JOHN L. LEE, Yale
Business executive and philanthropist. President and CEO of Barber Oil Corporation, Philbro Resource Corporation and Tosco Corporation before moving to the Hexcel Corporation. In the 1990s, he led a campaign that raised $1.75 billion for his alma mater. Yale honored him with the Yale Medal, its highest alumni award, in 1989 and the Yale Distinguished Alumni award in 1993. . . . Three-time All-Ivy League first-team forward averaged 20.3 ppg from 1955-56 through 1957-58. Scored a team-high 25 points in a 90-74 first-round loss against eventual champion North Carolina in the 1957 NCAA playoffs. Third-round choice in the 1958 NBA draft by the New York Knicks (19th pick overall); three selections ahead of Wayne Embry and 17 before Don Ohl. In 1996, the area where Yale conducted basketball, volleyball and gymnastics competition was renamed the John L. Lee Amphitheater.
TOM MacMAHON, St. Peter's
CEO of Laboratory Corporation of America, a company with approximately 23,000 employees and annual revenue of $2.9 billion in 2003. Known as LabCorp, the company is a national leader in clinical testing. . . . MacMahon was fourth in scoring for St. Peter's 1968 NIT team, averaging 13.5 ppg. Finishing with 902 career points, he was a teammate of Elnardo Webster (school's leader in career scoring and rebounding average) and current Peacocks coach Bob Leckie.
JOHN MACZUZAK, Pittsburgh
President and Chief Operating Officer of National Steel Corporation, one of the five largest integrated steel producers in North America. . . . Averaged 3 ppg and 3.2 rpg from 1959-60 through 1961-62. The 6-5, 250-pound defensive tackle played in one game with the AFL's Kansas City Chiefs in 1964 after being their 22nd-round draft choice the previous year. He was a ninth-round pick by the NFL's San Francisco 49ers in 1963.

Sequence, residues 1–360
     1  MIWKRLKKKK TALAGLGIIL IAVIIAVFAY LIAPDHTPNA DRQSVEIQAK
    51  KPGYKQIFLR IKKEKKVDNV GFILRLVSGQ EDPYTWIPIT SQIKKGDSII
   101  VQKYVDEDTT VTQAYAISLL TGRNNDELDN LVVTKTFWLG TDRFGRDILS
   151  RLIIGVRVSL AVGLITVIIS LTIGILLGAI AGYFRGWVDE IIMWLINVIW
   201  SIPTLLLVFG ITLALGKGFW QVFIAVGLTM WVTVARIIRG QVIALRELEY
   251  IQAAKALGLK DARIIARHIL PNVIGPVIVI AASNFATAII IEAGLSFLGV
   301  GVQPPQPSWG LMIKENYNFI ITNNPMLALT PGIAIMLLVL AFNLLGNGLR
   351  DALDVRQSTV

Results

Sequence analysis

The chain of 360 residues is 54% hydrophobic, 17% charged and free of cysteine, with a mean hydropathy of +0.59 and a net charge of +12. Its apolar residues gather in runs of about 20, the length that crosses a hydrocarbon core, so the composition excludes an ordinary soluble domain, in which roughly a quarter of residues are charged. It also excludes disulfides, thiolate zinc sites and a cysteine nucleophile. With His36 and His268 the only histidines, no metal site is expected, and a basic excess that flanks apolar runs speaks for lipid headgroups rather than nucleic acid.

LARRY K. MAHANEY, Maine
Sales for Webber Oil, one of the top 20 privately-owned corporations in New England, increased from $19 million in 1969 when he was elected president to $224 million in 1990. Webber distributes gasoline to approximately 150 outlets (over half of them company-owned) and has more than 80,000 retail heating oil and propane gas customers. . . . Three-year letterman captained the basketball team as a senior in 1950-51 when he averaged 12.1 ppg, finishing his career with a 6.1-point scoring average. Following a stint in the U.S. Air Force, he served his alma mater as an assistant coach in football and basketball while completing his master's degree.
BOB McGUIRE, Iona
Former Chairman and CEO of Pinkerton's Inc. and former President of Kroll Associates, Inc., an international corporate investigations and security consulting firm. Lawyer served as Police Commissioner, the youngest in New York City's history, from 1978 (when he was 41) through 1983 under Mayor Ed Koch. Mr. McGuire was appointed Special Master by a county district attorney to oversee the Gambino family's exit from the garment industry. . . . Averaged 2.1 ppg and 1.5 rpg for the Gaels in the late 1950s.
PAT McKENZIE, Saint John's (Minn.)
Team physician for the Green Bay Packers. . . . Starting point guard for Saint John's 1979 NAIA Tournament team.
CHARLEY MENCEL, Minnesota
Retired as the CEO and president of Caterpillar Paving Products. . . . His career scoring total of 1,391 points from 1951-52 through 1954-55 stood as a school record for 23 years. He was an All-American who averaged 15.9 points per game in his four-year career. Selected by the Minneapolis Lakers in the 1955 NBA draft.
STEVE MILLS, Princeton
President of Sports Team Operations/Madison Square Garden oversees the operational and business dealings for the "World's Most Famous Arena." Mills climbed the ladder of the NBA's executive ranks for 16 years, going from account executive to the commissioner's office where he helped develop the idea for the "Dream Team." . . . Three-year letterman from 1978-79 through 1980-81 played under legendary coach Pete Carril. Mills scored a team-high 16 points in a 60-51 first-round defeat against BYU in the 1981 East Regional.